For a quick and easy mounting of an antenna, a 4-foot piece of 3/4 inch gas pipe (driven into the ground) supports the antenna. I used an elbow, 6-inch nipple and adapter to a lawn hose make a handle to help drive the pipe all the way to the ground. A lawn mower could pass over when the antenna was removed. No electrical connection with the antenna.
I heated and reformed the PVC to accept the square tubing in the round PVC tubing.
I used 1x1/8 aluminum flat stock to mount the horizontal supports to the vertical post. They are held in place by pop rivets to the post and sheet metal screws to the arms. That way I can remove the two ring element assemblies from the center post if the need arises.
The Short Vertical Antenna System
Two horizontal arms, made of one inch square aluminum tubing, act as main supports for the top and bottom tri-band ring element assemblies.
A 1/2-inch hole is drilled for each element through one side only of the horizontal arm mounts. A small hole for a sheet metal screw is drilled on the bottom of the square support tube, below the 1/2-inch hole, to secure the ring element in place and ensure conductivity.
I used 3003 1/2 OD, 3/8 inch ID, soft aluminum tubing that I bought from Aircraft Spruce & Specialty Co. They ship the tubing coiled. You can easily form the tubing in a ring by hand. I would add a couple of feet of 3/8 tubing to be used if you need to add a coil for tuning.
If you find you need to lengthen a ring radiator element, take a couple of inches of 3/8 inch OD to slide inside the end of a ring radiator element and secure with a couple of short sheet metal screws.
The other three horizontal insulator supports, for the top and bottom ring elements, are made of fiberglass rods cut from driveway markers that I bought from the hardware store.
The open ends of the ring elements are supported by short lengths of nonconductive fiberglass rods inserted into a 3/8 hole drilled in the opposite side of the square tubing arms, slightly offset from the 1/2-inch holes. The short rods are held in place by metal screws from the bottom of the square tubing. The open ends of the ring elements are prevented from slipping toward the square tubing with tie wrap cable ties on the rod. Keep the open ends of the ring elements at least an inch away from the horizontal arm support (which they must not touch, of course).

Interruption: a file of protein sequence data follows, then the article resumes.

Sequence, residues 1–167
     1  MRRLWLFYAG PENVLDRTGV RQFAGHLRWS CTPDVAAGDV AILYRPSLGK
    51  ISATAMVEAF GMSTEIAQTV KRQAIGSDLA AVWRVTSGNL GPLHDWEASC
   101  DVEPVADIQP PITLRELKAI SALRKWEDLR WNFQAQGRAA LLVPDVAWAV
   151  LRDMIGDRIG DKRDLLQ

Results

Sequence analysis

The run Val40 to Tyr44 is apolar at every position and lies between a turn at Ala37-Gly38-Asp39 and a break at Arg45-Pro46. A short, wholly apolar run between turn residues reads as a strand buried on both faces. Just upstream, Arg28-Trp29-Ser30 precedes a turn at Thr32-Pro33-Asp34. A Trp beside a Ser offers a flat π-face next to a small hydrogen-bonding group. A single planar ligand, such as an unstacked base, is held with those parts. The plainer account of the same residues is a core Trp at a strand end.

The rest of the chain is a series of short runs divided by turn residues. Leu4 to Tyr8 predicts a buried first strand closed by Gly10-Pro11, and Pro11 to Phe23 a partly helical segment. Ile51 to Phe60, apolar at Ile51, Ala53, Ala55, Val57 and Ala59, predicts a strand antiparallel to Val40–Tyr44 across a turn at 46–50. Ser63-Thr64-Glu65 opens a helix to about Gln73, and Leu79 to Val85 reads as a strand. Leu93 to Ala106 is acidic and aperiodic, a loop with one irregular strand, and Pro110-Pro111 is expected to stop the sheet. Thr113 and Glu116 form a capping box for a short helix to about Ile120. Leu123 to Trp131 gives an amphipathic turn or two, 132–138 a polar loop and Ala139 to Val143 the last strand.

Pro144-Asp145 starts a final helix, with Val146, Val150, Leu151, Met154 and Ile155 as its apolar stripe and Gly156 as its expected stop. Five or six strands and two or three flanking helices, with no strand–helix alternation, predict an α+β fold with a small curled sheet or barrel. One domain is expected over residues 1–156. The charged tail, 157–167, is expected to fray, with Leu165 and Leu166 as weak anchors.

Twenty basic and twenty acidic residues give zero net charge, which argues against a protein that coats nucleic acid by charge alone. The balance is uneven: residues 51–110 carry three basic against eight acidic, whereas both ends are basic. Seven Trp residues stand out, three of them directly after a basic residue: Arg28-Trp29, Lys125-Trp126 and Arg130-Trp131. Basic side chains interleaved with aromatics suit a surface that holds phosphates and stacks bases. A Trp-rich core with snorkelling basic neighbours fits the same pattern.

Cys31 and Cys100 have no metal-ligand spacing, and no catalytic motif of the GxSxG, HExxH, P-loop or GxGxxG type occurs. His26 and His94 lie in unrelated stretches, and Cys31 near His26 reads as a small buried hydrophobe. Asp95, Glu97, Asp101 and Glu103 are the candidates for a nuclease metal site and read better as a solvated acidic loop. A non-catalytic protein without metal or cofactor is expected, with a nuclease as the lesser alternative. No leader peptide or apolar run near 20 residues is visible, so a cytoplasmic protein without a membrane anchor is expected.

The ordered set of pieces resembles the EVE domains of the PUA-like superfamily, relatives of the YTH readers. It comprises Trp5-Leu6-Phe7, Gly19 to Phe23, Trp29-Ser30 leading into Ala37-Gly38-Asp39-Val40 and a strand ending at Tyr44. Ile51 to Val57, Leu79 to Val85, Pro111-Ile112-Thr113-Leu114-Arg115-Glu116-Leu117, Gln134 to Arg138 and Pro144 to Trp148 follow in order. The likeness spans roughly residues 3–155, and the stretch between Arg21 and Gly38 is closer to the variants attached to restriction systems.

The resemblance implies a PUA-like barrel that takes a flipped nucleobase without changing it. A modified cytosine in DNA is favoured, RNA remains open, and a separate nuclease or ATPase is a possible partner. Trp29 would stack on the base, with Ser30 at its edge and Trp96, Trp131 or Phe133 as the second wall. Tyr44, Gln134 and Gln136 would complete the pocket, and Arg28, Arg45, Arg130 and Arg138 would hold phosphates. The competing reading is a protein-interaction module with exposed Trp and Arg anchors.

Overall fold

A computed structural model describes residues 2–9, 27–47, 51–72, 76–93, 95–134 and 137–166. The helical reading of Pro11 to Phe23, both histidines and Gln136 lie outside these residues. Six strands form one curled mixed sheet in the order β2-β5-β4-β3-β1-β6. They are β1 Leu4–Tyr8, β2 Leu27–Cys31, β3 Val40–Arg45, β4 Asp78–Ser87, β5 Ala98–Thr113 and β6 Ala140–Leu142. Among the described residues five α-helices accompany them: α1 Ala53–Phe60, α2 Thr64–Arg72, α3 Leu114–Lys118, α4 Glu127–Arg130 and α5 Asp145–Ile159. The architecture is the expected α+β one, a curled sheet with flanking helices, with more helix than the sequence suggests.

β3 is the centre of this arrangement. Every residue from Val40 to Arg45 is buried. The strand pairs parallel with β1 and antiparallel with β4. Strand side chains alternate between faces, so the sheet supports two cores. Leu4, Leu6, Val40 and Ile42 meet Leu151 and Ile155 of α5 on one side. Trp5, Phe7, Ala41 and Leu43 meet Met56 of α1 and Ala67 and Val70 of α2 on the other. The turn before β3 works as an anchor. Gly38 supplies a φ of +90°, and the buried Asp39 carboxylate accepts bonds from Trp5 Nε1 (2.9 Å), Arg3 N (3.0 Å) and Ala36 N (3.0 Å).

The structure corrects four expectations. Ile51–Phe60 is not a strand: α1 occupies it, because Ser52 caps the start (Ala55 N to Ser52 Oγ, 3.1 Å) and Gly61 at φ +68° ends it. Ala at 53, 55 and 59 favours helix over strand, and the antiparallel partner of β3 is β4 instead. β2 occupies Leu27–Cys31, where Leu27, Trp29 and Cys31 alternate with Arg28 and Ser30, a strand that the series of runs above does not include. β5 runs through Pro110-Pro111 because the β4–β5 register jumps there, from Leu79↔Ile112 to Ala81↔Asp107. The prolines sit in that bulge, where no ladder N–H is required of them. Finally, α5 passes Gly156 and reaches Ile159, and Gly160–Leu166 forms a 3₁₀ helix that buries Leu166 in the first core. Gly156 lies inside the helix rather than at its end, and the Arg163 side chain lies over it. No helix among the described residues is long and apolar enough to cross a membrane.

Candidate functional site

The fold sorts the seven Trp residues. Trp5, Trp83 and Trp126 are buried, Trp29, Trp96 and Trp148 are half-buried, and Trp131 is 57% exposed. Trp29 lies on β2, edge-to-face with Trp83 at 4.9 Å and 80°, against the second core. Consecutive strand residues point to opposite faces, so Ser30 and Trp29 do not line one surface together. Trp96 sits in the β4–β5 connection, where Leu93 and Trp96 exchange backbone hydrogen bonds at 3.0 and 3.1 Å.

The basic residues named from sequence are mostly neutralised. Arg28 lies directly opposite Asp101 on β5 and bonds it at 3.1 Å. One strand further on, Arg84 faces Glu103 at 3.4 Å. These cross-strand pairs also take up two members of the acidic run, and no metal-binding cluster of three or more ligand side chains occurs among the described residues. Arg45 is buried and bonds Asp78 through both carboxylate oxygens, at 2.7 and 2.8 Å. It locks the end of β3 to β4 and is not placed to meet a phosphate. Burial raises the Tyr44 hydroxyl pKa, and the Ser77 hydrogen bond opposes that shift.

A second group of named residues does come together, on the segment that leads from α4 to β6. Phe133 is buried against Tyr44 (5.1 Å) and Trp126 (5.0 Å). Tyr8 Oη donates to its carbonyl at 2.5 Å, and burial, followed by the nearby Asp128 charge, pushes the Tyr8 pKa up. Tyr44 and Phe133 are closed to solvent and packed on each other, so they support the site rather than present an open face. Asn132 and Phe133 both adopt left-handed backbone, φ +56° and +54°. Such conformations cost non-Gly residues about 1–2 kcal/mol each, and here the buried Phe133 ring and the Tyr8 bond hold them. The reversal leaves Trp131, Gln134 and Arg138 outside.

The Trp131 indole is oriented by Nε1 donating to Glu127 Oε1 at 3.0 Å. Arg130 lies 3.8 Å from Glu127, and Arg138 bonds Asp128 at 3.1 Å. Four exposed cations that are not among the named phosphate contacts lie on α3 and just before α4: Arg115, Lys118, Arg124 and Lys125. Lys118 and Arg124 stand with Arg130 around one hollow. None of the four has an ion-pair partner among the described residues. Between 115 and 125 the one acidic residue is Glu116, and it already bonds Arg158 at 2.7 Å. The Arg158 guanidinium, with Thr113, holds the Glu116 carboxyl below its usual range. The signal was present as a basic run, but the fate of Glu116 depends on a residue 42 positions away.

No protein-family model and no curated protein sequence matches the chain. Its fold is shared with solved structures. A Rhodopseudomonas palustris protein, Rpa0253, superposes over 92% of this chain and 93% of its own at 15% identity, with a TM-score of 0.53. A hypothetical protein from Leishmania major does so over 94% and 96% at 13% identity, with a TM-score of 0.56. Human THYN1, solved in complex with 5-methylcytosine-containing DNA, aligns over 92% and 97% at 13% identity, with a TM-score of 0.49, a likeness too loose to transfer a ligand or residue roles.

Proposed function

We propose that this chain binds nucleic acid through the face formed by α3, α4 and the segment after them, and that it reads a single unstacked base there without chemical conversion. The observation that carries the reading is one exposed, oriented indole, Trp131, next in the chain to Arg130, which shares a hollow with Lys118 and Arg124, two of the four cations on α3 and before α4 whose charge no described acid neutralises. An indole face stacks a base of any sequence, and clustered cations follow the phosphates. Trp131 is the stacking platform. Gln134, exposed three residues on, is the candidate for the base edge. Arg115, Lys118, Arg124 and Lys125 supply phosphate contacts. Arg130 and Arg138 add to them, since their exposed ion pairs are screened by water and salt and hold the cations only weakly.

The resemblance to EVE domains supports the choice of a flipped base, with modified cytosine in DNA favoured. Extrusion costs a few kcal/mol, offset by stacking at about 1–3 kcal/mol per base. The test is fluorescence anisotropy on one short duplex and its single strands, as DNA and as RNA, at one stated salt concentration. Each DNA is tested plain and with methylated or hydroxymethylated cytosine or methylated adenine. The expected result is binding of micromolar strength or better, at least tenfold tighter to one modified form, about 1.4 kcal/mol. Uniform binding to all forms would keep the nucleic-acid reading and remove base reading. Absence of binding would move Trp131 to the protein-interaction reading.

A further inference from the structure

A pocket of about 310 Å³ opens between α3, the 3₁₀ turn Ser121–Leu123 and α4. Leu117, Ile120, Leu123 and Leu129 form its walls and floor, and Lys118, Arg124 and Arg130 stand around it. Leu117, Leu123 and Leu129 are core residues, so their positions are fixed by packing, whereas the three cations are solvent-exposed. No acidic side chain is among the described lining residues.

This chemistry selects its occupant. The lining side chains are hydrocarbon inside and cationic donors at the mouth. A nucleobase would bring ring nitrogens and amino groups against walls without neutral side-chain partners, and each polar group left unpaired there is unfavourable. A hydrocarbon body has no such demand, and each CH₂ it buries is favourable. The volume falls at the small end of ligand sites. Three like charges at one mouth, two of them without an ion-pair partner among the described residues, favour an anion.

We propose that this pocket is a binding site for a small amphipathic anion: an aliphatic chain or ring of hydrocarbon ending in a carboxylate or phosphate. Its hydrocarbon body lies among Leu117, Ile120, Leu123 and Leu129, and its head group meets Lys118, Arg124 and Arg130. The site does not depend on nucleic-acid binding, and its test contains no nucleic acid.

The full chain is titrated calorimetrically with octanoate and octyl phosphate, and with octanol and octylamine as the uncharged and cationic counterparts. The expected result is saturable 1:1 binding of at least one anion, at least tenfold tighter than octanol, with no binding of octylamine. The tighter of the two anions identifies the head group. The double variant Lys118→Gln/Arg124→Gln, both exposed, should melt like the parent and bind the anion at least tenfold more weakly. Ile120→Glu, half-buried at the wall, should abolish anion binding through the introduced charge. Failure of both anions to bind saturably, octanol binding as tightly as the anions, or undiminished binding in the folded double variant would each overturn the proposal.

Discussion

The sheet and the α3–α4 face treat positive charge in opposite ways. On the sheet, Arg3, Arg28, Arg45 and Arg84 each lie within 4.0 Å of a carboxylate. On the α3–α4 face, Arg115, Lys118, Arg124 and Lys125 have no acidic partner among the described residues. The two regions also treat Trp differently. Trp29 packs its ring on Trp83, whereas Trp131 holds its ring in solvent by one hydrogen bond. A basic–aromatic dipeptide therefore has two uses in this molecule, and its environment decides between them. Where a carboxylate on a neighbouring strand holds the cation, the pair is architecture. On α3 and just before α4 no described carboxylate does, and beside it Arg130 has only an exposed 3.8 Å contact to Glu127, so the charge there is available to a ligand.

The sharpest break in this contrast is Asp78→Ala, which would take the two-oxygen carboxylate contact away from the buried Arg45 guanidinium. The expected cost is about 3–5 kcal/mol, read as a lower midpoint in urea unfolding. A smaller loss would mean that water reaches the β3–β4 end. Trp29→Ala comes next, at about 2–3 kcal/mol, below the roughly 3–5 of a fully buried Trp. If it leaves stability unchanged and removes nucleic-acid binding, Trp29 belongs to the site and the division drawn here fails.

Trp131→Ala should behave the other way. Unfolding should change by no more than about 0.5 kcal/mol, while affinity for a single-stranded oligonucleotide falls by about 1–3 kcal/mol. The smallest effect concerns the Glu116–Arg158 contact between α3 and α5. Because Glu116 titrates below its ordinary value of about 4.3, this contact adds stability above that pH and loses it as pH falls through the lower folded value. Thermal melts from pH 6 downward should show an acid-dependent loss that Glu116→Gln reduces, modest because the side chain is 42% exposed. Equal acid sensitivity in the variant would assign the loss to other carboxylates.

There is also a horizontal fiberglass rod to support the coax and "hairpin coil" near the center of the main vertical support structure (PVC). I drilled a hole in the PVC center insulator for the fiberglass rod and glued it in place.
The Ring Elements of the Vertical Dipole
The hard part was figuring how big to make the elements. For each element, a 1/4 wave length includes the element and the distance, from its attachment point on the horizontal arm, to the vertical support structure.
(The first time I had included the vertical support into the equations. Don't do that. It will come out with the elements too short by that amount!)
I heat-formed the PVC center and base. Drilled each side and installed sheet metal screws. Drilled and pop riveted a three-inch-long 1/8 x1 aluminum flat stock to each side of the vertical where arm is to attach. Those were drilled for sheet metal screws attachment.